The fourth Annual Science and Technology for Homeland Security and Resilience conference 2008 runs on June 25 and 26, at the Royal United Services Institute, Whitehall, London.
RUSI says that the technology imperative for building notions of national security has never been stronger. Technological possibilities are irresistible to governments pressured to increase the security of those individuals that comprise the state they govern. However, how do technologies introduced to increase security impact upon perceptions of a secure nation?
Taking its lead from 2007’s pivotal conference, where the Home Office announced their Security and Counter-Terrorism Science and Innovation Strategy, this year’s conference invites government and private sector speakers to discuss the technological and policy advances that have been made for enhancing national security. The conference will also examine how terrorists wish to utilise technology of devastating power against the state and explores some of the ways in which these attempts are countered.
With government focus on strengthening border security at airports and ports, and confirming the identity of those wishing to enter the country, the conference will examine the technologies that will enable this capability as well as some of the social and ethical dilemmas that the technology presents.
This conference, add organisers, is for individuals across the private and public sector who have responsibility for elements of national security, procurement, science and technology development and deployment. Topics of discussion:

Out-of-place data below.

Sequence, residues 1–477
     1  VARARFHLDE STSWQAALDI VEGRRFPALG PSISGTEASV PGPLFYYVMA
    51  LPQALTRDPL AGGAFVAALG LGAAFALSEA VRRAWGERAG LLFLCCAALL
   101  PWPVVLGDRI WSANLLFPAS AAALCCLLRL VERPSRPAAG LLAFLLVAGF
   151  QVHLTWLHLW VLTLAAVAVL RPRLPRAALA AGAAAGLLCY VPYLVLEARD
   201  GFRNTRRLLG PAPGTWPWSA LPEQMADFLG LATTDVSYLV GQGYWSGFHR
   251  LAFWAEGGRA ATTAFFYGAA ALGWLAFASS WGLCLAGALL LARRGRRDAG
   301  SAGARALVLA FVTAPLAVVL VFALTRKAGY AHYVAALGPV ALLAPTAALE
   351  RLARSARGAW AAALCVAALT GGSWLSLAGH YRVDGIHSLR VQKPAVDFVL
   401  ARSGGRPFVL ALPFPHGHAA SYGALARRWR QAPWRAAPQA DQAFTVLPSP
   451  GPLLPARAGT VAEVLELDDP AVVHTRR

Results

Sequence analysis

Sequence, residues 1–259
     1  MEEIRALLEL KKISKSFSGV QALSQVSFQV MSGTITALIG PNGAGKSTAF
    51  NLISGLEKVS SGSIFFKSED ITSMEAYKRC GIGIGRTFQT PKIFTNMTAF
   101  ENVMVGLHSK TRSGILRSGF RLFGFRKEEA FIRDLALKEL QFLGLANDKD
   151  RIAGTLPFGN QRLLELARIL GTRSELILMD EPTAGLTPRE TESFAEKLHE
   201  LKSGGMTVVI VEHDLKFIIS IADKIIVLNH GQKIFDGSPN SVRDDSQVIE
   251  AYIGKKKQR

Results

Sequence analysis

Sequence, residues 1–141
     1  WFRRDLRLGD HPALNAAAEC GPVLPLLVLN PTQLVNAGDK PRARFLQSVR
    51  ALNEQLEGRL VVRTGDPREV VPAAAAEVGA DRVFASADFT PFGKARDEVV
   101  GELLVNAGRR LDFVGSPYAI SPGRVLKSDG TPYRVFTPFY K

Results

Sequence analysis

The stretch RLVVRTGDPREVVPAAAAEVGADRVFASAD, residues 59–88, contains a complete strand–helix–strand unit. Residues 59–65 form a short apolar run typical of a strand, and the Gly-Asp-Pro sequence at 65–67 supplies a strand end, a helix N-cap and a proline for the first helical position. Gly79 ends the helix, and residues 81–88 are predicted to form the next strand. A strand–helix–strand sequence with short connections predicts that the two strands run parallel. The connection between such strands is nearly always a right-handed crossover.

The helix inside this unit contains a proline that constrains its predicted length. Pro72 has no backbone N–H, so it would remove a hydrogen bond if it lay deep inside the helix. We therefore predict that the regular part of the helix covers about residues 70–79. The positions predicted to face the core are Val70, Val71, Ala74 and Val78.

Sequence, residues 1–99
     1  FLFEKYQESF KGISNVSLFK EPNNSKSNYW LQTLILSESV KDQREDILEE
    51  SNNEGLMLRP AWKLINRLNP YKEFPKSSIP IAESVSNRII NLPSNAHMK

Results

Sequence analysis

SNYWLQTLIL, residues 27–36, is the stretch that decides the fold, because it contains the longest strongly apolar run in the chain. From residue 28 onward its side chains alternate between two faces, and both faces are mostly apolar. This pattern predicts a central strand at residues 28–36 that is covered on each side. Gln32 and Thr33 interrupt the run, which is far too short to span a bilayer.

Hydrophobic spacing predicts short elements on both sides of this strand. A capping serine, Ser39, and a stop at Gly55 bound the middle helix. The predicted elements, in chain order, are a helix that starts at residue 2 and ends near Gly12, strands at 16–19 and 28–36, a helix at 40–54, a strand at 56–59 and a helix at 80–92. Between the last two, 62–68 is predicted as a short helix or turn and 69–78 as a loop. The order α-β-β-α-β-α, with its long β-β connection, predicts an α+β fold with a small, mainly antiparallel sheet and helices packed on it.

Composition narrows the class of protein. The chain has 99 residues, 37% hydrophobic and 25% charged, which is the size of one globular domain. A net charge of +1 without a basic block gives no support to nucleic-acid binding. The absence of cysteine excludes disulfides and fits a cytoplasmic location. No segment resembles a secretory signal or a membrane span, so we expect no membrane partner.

*How does technology strengthen society’s perceptions of ‘security’?
*What are the key technological gaps that require innovation and solutions from industry to enhance national security?
*What role do the public and private sectors have to play in technological innovation and staying one step ahead of the terrorist?
*What are the key ethical dilemmas that arise when introducing new security technologies?
Sir David Omand, Vice Chairman, RUSI
Professor Tom Sorrell, John Ferguson Professor of Global Ethics, Director, Centre for the Study of Global Ethics, University of Birmingham
Erik Berglund, Head of Research and Development Unit, FRONTEX
Dan Gardner, Ottawa Citizen and Author of ‘Risk – The Science and Politics of Fear’
Dr. Piers Millett, Biological Weapons Convention Meetings Secretariat, Office for Disarmament Affairs, United Nations
Dr Brooke Rogers, Kings College London
To book your place at this event or download a booking form, ring Jennifer Walker, event manager on 020 7747 2615.